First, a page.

Egyptian, Classical, Ancient Near Eastern Art
On View: Old Kingdom to 18th Dynasty, Egyptian Galleries, 3rd Floor
The Egyptians stored kohl in squat containers usually made of stone.
A kohl pot’s specialized function required a certain shape: broad, low proportions that fit in the palm of the hand; an opening wide enough to allow the insertion of a finger or applicator; and a tight lid to protect the contents from dust, wind, and moisture. Although the shape remained consistent, craftsmen used different colored materials to achieve variety.
ca. 1938-1700 B.C.E.
Dynasty 12 to early Dynasty 13
1 3/4 x diam. 1 5/8 in. (4.5 x 4.1 cm) (show scale)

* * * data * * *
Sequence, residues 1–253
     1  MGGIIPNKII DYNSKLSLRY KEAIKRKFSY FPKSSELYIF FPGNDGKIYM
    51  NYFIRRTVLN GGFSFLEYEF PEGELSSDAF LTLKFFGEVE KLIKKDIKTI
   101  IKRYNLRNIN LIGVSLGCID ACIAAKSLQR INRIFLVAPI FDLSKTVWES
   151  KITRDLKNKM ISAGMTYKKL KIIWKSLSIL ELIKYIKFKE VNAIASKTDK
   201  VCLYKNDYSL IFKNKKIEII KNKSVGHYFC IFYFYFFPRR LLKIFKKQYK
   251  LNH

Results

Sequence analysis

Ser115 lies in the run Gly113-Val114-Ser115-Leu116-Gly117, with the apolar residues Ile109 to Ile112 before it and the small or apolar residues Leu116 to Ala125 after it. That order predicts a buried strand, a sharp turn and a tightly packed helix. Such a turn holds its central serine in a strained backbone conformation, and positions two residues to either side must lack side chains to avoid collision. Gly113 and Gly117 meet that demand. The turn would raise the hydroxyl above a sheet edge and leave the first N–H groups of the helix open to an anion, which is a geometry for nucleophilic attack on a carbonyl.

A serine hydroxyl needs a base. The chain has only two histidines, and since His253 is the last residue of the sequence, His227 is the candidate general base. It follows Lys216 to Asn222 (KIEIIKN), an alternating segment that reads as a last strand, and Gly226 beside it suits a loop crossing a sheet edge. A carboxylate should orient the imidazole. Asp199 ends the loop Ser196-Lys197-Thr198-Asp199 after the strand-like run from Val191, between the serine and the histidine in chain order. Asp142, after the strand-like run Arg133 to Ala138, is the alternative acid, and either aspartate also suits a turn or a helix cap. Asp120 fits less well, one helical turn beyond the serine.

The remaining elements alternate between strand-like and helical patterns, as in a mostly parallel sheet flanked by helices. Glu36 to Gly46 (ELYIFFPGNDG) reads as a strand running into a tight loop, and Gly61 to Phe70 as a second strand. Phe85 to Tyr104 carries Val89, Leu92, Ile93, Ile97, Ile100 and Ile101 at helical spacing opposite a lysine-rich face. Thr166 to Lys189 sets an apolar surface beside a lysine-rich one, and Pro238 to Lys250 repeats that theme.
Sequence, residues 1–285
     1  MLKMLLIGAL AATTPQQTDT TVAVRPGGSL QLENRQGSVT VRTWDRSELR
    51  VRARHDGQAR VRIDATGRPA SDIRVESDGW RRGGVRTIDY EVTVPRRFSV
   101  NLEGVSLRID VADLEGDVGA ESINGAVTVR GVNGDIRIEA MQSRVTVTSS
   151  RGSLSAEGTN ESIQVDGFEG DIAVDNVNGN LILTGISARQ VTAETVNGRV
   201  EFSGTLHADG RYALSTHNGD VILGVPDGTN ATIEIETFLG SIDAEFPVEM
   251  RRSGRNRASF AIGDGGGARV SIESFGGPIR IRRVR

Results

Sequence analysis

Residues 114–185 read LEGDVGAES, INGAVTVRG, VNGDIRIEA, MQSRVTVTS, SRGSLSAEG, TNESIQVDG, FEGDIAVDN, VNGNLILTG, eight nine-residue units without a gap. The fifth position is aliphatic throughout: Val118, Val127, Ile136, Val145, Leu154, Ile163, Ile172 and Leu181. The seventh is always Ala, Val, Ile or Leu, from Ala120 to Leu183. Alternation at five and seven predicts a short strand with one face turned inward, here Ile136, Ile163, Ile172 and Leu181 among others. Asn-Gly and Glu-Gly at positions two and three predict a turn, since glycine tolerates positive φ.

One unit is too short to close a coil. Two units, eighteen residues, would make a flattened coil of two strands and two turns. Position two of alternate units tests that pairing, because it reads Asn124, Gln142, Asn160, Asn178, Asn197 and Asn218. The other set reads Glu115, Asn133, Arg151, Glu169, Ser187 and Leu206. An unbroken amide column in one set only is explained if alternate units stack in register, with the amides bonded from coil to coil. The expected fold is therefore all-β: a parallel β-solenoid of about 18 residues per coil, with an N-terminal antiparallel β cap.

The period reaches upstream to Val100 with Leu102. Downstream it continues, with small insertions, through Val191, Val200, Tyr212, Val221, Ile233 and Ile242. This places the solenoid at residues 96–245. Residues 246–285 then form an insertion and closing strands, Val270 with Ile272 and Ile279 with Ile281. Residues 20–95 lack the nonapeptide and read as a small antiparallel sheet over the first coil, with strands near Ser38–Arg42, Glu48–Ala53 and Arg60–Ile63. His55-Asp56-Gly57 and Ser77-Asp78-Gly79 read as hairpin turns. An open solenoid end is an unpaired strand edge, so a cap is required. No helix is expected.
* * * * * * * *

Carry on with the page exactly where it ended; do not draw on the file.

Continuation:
Charles Edwin Wilbour Fund
Esna, Egypt; 1907, excavated by Henri de Morgan for the Brooklyn Museum.
Kohl pot, with pear-shaped body, flat, sharply protruding disk base, very broad, flat-topped, thin, flaring brim, short concave neck. Boring straight. Gray, with smooth, close texture.
Condition: Chipped in rim and foot.
Kohl Pot, ca. 1938-1700 B.C.E. Anhydrite, 1 3/4 x diam. 1 5/8 in. (4.5 x 4.1 cm). Brooklyn Museum, Charles Edwin Wilbour Fund, 07.447.206. Creative Commons-BY (Photo: Brooklyn Museum, CUR.07.447.206_erg2.jpg)
. Brooklyn Museum photograph, 11/26/2007
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